The Moldovan government and Russia’s state-controlled Gazprom say they have agreed to extend a contract for Russian natural gas supplies for a period of five years, after disagreements between the sides over the price triggered severe shortages in the former Soviet republic.
Gazprom said in a short statement on October 29 that talks between a Moldovan delegation and Gazprom ended in St. Petersburg with the sides reaching an agreement to extend the expired contract on "mutually beneficial terms” while Moldova’s Infrastructure Ministry called it an "agreement in principle" under which the previous deal will be extended "using the price formula proposed by the Moldovan side."
Neither Gazprom nor the Moldovan side revealed the price agreed.
“Gas deliveries under the new contract are expected to start from November 1, 2021,” the Ministry said in a post on Facebook.
Moldova declared a state of emergency last week and started buying gas from other countries after its contract with Gazprom, the largest supplier of natural gas to Europe, expired at the end of September, and the two sides failed to agree on details and pricing of a new long-term deal.
Traditional supplier Russia had been threatening to cut off gas supplies to the impoverished country sandwiched between EU member Romania and Ukraine at the end of the year if the existing gas contract was not extended by then.
One of the key issues was Moldova's debt for previous gas supplies that Russia estimated at more than $700 million.
Gazprom and the government in Chisinau agreed to audit the debt and to negotiate a payment schedule, according to the Moldovan side.
The two-day talks in St. Petersburg, where Gazprom has its headquarters, involved Moldova's Deputy Prime Minister Andrei Spinu and the Russian firm's CEO Aleksei Miller.
Gazprom drastically raised the prices for gas deliveries to Moldova to $790 per cubic meter from $550 while slashing its gas supply by about one-third after their contract expired last month, prompting criticism from the European Union, which said that Russia was "weaponizing" gas supplies.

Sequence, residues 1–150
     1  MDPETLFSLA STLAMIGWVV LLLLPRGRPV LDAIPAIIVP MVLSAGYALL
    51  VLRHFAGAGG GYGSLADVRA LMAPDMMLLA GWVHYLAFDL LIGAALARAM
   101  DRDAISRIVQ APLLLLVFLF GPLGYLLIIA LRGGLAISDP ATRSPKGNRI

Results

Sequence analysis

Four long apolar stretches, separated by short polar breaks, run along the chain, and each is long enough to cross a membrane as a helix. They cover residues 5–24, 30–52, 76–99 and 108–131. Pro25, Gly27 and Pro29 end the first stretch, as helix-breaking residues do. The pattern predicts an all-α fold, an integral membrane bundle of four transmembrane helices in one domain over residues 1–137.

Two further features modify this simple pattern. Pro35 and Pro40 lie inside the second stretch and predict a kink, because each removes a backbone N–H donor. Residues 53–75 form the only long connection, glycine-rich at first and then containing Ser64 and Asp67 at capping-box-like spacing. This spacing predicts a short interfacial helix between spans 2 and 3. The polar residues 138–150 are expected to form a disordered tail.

Some observers say Moscow has boosted prices as reprisals against Moldova for electing pro-Western President Maia Sandu last year and rejecting Russia-backed incumbent Igor Dodon. Russia rejects the accusations, saying the hike is purely commercial, reflecting global markets.
Moldova has also complained of received “insufficient volumes” of gas from Gazprom based on the one-month extension of the contract.
As the country faced a growing energy crisis, Chisinau signed a contract to buy a million cubic meters of natural gas from Poland, the government said on October 25, calling it "the first purchase of gas from alternative sources” in the history of independent Moldova.
And earlier on October 29, Ukrainian state energy firm Naftogaz said it had won a tender to supply 500,000 cubic meters of gas to Moldova.
The EU offered Moldova, one of Europe's poorest countries, 60 million euros ($70 million) in emergency aid on October 27 to help the country manage its natural gas crisis.
Russia has been criticized in the past for setting prices according to a country's political allegiance. Belarus, a close Moscow ally, has recently negotiated a significantly lower price for next year.